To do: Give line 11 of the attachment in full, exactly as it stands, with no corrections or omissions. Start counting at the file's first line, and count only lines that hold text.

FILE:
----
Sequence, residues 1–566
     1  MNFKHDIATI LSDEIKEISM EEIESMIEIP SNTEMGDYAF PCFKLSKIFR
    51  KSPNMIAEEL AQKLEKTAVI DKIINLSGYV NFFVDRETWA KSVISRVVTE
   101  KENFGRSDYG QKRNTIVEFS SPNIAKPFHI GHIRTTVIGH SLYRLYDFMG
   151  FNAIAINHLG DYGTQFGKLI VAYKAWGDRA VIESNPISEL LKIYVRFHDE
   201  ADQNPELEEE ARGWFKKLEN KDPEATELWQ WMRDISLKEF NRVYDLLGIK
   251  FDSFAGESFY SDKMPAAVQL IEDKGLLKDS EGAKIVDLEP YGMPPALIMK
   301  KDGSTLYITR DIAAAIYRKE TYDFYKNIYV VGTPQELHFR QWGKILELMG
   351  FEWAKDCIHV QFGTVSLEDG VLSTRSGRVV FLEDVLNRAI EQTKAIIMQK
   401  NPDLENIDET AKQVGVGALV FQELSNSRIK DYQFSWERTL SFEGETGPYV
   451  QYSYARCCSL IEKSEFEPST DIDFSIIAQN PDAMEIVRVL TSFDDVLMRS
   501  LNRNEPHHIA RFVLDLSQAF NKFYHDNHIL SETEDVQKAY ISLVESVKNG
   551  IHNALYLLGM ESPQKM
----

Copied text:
   451  QYSYARCCSL IEKSEFEPST DIDFSIIAQN PDAMEIVRVL TSFDDVLMRS